A6 Face to face is more powerful than a phone call is more powerful than an email or text. Make time to talk to someone face to face.




I must say, the power of a face to face conversation does something no other means of communication can do.  When I'm asked, "Are family conferences important anymore?"  My unequivocal answer is YES!  Thanks to all of you for your time with our families to set goals with our students, celebrate our students, and build relationships with our families.

Calendar
If you're on cycle, don't forget to schedule your observation!
Monday, November 13
Strategic planning 6PM

Tuesday, November 14
Power Day
Homework Club 4:15

Wednesday, November 15
Culver's Night 4-8PM

Thursday, November 16
Grade level/Specials meetings
Homework Club 4:15
6th, 7th, and 8th grade conferences 4:30

Friday, November 17
No Office Day!

Great things I saw this week...
Staff being patient with students struggling both academically and behaviorally
Staff stepping up to help out
Students and Michael preparing for Veterans' Day
Your efforts at family conferences
Staff supporting one another
Keeping the kids first

Quotes, tweets, and blogs
(from Pinterest)



You build on failure. You use it as a steppingstone. Close the door on the past. You don't try to forget the mistakes, but you don't dwell on it. You don't let it have any of your energy, or any of your time, or any of your space.
Johnny Cash,
singer and songwriter


I look forward to our Veterans' Day celebration this morning.  I look forward to making phone calls home today so please give me the name of one student from each grade level.  I'd love a staff member's name, too.  Keep the kids front and center with all that we do today.  Find that one student or staff member that needs you to Be The One and then Be. The. One.
Jay
Take care of the kids.  Take care of each other.  Take care of yourself.- John Gunnell

Friday, November 3, 2017

Icebergs

This has been one of my favorite weeks of the school year.  Why?  I've had to face a number of challenges, both with students and adults, and it made me really sit back and reflect, more than I normally do.  As we approach the holiday season- it is November, by the way- behaviors of all in our schools begins to change or heighten.  Often we only see what's on the surface but, like an iceberg, there are underlying issues and situations that are the real reason for the behaviors.  Remember precipitating factors from our CPI training?  That's what I'm writing about.  See the graphic below about some of these factors.
(from rippleeffects.com)
There are many more than just those that are listed here.  And as I said in our training, don't become a precipitating factor yourself.  In one of my Voxer groups this week, a conversation occurred about how relationships can have an impact, both negative and positive, on the behavior of students and adults.  I challenge you to build one relationship in November using the 2X10 strategy (If you don't know what this is, just ask me!) or by having me take over your class to foster a relationship with "that kid".  Who is up for the challenge?  Extra credit- Blog about the difference this relationship has made for the student, you, or your class.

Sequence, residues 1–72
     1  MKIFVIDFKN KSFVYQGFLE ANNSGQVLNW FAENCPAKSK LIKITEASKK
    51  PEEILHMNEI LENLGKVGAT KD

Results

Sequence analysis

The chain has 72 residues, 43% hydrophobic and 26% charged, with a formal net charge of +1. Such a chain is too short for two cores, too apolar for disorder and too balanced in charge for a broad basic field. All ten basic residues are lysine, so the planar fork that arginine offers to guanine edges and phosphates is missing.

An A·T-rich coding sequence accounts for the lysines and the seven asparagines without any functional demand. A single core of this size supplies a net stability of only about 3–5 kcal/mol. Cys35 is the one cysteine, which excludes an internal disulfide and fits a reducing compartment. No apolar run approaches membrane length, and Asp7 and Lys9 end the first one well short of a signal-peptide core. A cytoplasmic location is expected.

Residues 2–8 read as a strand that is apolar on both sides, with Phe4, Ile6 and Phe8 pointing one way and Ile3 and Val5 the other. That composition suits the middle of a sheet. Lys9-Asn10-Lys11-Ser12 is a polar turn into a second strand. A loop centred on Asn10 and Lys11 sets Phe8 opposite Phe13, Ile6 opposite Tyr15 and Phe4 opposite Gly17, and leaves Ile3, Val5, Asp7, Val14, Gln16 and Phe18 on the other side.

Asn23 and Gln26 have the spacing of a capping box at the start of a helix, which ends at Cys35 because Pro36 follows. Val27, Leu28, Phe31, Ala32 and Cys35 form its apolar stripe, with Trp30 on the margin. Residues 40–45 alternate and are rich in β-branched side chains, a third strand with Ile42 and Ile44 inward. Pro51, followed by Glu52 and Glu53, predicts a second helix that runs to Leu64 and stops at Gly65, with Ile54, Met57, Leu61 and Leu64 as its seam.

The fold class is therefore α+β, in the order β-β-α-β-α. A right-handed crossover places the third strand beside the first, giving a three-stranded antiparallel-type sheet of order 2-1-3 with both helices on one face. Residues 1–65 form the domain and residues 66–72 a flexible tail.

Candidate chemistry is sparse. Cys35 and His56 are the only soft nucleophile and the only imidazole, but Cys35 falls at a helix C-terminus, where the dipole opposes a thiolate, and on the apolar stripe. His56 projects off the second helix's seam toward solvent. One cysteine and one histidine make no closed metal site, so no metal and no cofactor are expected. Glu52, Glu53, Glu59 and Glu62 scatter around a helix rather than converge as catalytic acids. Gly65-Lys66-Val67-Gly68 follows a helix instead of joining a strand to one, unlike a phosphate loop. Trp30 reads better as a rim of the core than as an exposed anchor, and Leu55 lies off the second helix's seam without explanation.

Great things I saw this week...
BizTown for our 5th graders (animoto is here)
Coaches and staff working together for our kids
6th grade trip to the Cave of the Mounds
Flexibility of staff to help out one another
Laughter in classrooms
Cleaner hallways
Jennifer's efforts for this year's book fair
Kids reading
Kids supporting one another in math
Family meeting about High School Musical Jr.

Calendar
Monday, November 6th
4 way stop from 8:15-8:45 (Anyone able to help?  You'll get to leave at 3:45 some day in the future!)
8:00AM  #KidsDeserveIt Twitter chat in the library (All are welcome!)
9-11  PTO grants
6:00PM  Strategic planning

Tuesday, November 7th
4:15-5:15  Homework Club

Wednesday, November 8th
8:00  Staff meeting (Sarah and Corinne are leading us)
1:15  A-team meeting
4:30  5th grade conferences

Thursday, November 9th
Jeans for Troops ($5 donation for wearing jeans)
Grade level/ Specials meetings
4:15  Homework Club
4:30  5th/6th grade conferences

Friday, November 10th
9:00  Veterans' Day breakfast
10:00  Veterans' Day assembly
11:00-11:45  Veterans visit classrooms


Tweets, blogs, and quotes
Destiny is not a matter of chance; it is a matter of choice. It is not a thing to be waited for; it is a thing to be achieved.
William Jennings Bryan,
political leader and orator

(from Pinterest)

We Got This (from Pernille Ripp)

Orly Wahba: Kindness and consequence

Letter to a Tired Teacher (from Danny Steele)

(from Pinterest)



Family smore for 11.3.17

Conferences are next week.  It's an opportunity to...
discuss the successes of students.
build relationships with families.
set goals and plans for student struggles.
discuss specific skills you are focusing on.
develop partnerships with families.
share what you are doing with and for students.
share examples of student work.
share student developed goals.
open the door for future communications.

Be the one!
Jay
Take care of the kids.  Take care of each other.  Take care of yourself.- John Gunnell


Thursday, October 26, 2017

Short week, and a challenge